The number and types of products and services that consumers want from financial institutions may be expanding faster than traditional banks can handle.
A survey from Fair Isaac Corp. — known for FICO Scores — found that even though 86% of respondents were satisfied with their banks, a large majority (70%) said they’d be likely or very likely to use a competitor that had more appropriate products and services.
While banks continue to be go-to providers of traditional products like checking and savings accounts, customers appear willing to use non-bank providers for other financial needs, ranging from career advice to bill negotiation services.
Changes among banking customers — and what’s driving it
More than a third (34%) of respondents said they’re already using a non-bank financial services provider, such as a fintech (like Chime or Ally) merchant or technology company. Going further, that figure jumps to 47% among millennials.
One problem could be that banks aren’t addressing consumers’ emotions connected to finance. The FICO survey found high levels of stress about money affected more than two-thirds (68%) of customers, and suggested this uncertainty may be driving customers to non-bank providers.
Among specific desires that consumers said they’d pay for include assistance with:
- Negotiating money situations (29%)
- Self-driving budgeting and investing (27%)
- Advice on big-spending decisions (27%)
- Tips on getting a raise at work (25%)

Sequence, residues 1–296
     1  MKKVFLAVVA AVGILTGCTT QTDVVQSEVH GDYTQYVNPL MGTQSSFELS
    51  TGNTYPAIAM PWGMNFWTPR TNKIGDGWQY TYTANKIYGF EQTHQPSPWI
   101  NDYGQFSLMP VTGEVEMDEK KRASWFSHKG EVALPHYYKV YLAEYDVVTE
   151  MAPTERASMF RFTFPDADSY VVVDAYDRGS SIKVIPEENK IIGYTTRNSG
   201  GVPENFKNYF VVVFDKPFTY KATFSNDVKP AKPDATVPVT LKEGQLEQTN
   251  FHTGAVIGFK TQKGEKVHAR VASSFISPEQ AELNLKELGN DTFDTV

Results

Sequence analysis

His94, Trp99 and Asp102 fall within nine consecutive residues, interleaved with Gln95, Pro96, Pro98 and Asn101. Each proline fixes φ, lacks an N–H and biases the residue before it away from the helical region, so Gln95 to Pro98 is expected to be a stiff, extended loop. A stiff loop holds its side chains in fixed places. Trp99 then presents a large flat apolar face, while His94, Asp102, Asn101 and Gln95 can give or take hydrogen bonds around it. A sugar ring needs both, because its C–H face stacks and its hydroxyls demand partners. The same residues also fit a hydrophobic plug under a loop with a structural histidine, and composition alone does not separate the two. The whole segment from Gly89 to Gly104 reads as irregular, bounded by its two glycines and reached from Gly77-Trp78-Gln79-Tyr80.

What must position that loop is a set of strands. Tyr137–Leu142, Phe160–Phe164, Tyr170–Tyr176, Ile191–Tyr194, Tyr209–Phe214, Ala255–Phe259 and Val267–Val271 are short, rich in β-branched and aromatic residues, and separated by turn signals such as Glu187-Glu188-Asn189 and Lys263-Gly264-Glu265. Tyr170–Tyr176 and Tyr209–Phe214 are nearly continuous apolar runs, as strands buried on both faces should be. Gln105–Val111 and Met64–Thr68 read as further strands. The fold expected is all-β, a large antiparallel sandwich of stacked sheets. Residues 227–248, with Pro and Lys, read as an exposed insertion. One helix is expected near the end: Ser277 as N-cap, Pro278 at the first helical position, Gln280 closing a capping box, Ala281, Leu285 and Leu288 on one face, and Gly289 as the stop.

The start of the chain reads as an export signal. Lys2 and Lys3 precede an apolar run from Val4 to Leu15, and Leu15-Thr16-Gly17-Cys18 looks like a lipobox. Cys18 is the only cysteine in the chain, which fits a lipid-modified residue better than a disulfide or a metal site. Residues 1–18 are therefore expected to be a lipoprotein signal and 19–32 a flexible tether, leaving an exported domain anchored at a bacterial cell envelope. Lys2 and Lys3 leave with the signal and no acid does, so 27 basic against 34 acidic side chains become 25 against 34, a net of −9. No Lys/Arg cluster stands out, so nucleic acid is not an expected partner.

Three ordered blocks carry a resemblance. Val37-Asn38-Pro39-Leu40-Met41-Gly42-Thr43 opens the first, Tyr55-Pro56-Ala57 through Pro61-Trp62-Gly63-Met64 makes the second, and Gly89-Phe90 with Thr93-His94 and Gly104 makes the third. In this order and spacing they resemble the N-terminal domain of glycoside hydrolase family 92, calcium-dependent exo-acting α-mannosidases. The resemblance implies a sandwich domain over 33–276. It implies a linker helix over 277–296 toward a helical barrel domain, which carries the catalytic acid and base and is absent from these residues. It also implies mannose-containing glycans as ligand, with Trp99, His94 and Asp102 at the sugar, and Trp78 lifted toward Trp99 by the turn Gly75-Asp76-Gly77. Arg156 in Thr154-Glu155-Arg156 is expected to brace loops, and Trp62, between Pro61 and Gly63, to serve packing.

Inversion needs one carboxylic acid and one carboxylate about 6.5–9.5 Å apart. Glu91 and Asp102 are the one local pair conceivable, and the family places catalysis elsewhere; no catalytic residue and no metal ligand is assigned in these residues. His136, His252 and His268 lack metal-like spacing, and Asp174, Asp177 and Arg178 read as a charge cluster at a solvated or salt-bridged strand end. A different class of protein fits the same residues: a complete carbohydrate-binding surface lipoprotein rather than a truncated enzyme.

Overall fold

- Weekly emails on dealing with status anxiety, social media and the urge to compare themselves with others (21%)
In fact, 45% would pay a monthly fee to have unlimited access to these new products and services. And while 50% would rather get them from their current bank, 70% would be willing to go elsewhere.
A DepositAccounts survey from August 2020 found that 91% of Americans had banked virtually over the prior 30-day period, so how traditional banks meet these desires will have a big role in where customers go from here.
High-stakes tussle to provide financial services
The tussle to be the main provider of financial services to consumers is a high-stakes one. Close to 95% (about 124 million) of households have bank or credit union accounts, according to a 2019 survey from the Federal Deposit Insurance Corp. (FDIC). Relatedly, just over 5%, or 7.1 million households, don’t have bank accounts, the survey found.
The dollars involved are of similar magnitude. According to FICO, $252 billion in payments are already going through non-bank payment systems.
Methodology: Cornerstone Advisors and Nonfiction Research surveyed 1,002 consumers over a one-week period.